Being Body Critical is Harming Your Loved Ones

Cropped shot of a women has overweight. she shows excess fat of the waist. she wants lose weight

In today’s image-conscious society, the pressure to conform to beauty standards is overwhelming, affecting both adults and children. From the age of 3, children can mirror harmful beliefs such as believing larger bodies are ‘bad’, from the age of 5, young girls can feel that their bodies are too big. As an Eating Disorder Dietitian, I often witness the detrimental impact that body criticism can have on individuals and families. In this blog, we will delve into the repercussions of being body critical and how it can increase the risk of disordered eating and even clinical eating disorders.

Anti-fat bias is a pervasive issue that perpetuates the unrealistic importance placed on thinness. This bias not only affects the way we perceive ourselves but also influences how we view others. By creating an environment that values thinness, families unknowingly contribute to the normalisation of harmful beauty standards. It is important to recognise that thinness does not equal health and that our body size is mostly genetically determined. Very few bodies (about 5%) naturally fit into the type that is held up as the beauty standard, the ‘right’ kind of body. It is important to actively reject the beauty standard and recognise it as flawed and harmful.

Children raised in body critical environments are particularly vulnerable. The constant emphasis on appearance and thinness can lead to the development of unhealthy relationships with food. Research has found that children raised by parents who display anti-fat bias are more at risk of eating disorders than by those in households that hold weight-neutral views.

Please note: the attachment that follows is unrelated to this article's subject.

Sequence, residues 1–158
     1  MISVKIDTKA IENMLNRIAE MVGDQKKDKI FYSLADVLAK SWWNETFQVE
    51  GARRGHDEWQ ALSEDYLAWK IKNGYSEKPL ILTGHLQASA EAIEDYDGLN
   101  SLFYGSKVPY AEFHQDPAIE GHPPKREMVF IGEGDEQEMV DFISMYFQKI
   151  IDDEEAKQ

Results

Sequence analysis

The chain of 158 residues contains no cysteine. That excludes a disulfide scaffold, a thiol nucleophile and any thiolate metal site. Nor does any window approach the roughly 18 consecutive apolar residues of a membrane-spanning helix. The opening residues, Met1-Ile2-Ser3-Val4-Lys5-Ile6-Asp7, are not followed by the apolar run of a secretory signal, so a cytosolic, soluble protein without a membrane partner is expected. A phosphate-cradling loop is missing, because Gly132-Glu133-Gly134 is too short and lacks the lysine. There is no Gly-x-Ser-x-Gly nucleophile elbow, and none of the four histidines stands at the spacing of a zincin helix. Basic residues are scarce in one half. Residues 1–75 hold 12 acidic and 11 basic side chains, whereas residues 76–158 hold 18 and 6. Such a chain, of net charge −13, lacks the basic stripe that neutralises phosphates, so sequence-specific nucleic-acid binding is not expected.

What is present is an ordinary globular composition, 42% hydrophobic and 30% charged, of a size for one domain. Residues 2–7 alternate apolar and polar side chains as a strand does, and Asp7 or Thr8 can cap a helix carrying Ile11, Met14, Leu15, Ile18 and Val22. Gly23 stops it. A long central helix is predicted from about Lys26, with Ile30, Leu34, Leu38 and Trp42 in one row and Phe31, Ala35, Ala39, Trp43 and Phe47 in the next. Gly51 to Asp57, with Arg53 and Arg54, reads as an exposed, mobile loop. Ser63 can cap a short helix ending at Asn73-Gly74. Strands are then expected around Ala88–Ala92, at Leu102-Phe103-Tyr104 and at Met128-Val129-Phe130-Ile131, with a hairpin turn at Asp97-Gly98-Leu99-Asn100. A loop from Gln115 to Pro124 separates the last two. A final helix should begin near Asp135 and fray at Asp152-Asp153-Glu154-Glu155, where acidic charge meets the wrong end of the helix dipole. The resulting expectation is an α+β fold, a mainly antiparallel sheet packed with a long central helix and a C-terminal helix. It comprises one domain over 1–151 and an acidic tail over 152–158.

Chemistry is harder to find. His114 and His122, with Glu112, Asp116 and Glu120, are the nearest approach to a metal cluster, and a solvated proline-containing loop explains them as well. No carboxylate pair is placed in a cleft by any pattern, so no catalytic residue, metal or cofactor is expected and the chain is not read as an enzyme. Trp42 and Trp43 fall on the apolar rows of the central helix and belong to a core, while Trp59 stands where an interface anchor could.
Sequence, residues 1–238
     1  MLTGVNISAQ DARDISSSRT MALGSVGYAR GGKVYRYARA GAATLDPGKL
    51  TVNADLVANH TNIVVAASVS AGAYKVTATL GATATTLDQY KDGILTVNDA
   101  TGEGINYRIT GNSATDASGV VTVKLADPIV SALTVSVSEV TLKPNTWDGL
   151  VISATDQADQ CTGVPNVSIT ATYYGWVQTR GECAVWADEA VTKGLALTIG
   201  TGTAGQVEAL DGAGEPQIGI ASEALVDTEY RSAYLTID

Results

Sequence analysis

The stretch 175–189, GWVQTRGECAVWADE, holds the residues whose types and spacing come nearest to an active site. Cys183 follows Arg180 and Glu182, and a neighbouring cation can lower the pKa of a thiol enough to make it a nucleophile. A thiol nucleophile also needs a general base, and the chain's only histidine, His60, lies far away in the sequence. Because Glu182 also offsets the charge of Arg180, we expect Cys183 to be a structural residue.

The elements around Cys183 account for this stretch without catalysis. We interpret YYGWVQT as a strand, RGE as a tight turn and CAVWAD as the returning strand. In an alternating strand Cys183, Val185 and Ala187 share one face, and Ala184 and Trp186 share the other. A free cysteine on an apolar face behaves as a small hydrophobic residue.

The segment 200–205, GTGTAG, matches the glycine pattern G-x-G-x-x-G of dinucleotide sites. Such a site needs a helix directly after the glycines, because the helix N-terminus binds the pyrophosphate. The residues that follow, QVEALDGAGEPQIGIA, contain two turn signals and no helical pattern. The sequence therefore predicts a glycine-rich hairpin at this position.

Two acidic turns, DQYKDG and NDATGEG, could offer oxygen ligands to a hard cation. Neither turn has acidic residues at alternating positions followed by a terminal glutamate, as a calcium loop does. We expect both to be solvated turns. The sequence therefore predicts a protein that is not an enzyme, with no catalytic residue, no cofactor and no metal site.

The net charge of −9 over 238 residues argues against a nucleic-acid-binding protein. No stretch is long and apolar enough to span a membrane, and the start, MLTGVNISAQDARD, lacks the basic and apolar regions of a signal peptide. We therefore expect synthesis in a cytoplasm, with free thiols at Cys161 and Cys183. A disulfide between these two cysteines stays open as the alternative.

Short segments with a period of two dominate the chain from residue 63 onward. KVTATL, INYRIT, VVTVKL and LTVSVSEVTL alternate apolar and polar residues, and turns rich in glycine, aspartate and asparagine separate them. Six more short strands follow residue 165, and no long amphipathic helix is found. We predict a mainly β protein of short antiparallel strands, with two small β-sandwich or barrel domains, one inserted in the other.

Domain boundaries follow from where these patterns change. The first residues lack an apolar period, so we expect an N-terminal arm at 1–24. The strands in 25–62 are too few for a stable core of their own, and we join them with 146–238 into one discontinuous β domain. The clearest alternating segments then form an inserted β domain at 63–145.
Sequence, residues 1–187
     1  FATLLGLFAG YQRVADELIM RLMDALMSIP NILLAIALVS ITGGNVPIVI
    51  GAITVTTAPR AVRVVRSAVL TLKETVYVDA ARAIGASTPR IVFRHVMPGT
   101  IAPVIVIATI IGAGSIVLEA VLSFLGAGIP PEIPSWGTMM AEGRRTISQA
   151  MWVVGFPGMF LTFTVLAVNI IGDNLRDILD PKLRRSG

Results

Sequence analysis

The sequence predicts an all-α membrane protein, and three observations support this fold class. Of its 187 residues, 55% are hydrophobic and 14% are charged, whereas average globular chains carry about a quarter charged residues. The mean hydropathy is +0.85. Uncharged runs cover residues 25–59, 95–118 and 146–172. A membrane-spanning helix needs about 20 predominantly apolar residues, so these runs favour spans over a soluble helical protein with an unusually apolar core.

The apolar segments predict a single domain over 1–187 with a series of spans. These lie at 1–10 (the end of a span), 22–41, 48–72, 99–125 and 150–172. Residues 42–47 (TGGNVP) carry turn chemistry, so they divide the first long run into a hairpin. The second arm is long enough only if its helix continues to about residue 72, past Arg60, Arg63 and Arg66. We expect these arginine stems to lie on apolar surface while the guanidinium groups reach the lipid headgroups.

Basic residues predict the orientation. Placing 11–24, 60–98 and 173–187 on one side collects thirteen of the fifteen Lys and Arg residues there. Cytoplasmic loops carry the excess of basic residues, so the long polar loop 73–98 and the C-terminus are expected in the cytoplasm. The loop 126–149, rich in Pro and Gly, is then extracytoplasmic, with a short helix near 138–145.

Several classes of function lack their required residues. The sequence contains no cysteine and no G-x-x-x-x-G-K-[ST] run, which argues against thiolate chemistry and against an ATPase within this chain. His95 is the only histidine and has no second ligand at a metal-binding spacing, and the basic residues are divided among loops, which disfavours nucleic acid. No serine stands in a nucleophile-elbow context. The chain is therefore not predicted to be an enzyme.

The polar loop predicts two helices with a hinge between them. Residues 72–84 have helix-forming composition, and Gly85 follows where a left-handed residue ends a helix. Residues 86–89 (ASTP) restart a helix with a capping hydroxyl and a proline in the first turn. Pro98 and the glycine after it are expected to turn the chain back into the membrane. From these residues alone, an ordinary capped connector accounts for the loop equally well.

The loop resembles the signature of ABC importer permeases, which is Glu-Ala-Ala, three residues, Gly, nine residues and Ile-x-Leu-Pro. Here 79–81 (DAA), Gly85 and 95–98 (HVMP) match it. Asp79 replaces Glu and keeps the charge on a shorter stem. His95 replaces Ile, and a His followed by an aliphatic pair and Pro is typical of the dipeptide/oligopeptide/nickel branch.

Parents play a crucial role in shaping their children’s perceptions of themselves and their bodies. The good news is that this is a modifiable risk factor for eating disorders. Meaning that parents can take steps to reduce the risk of their children developing eating disorders.

Reducing the risk of eating disorders in children:

Firstly, focus on fostering a positive relationship with food. Encourage your children to view food as nourishment for their bodies rather than a means to achieve a certain aesthetic. It is important to try and avoid using food as a means for reward and punishment. Encourage your children to listen to and respond to their hunger and avoid labelling foods as ‘good’ and ‘bad’.

Be mindful of the language you use when discussing different bodies. Avoid negative comments about your own body or others, as children are perceptive and may internalise these messages. Avoid celebrating weight loss and commenting on weight gain or larger bodies. Make space for open communication with your children about body image and self-esteem. Create an environment where they feel comfortable discussing their feelings and concerns without fear of judgment.

In conclusion, being body critical can be harmful to your children and loved ones. As an Eating Disorder Dietitian, I feel that we all have a responsibility to foster healthy environments and dialogues, and not contribute to harmful messaging. By being mindful in this way, you can contribute to a healthier, happier environment for your loved ones, where self-acceptance, well-being and confidence take precedence over societal expectations and appearance.

Take the First Step

If you or your child is struggling with a disordered relationship with food or struggling with body image, know that support is available.

As an eating disorder dietitian, I provide personalised guidance and support to help individuals like you establish a healthy relationship with food.

You can book a free call with me below or get in touch with me here.

Hugs,
Sophie x

Share This :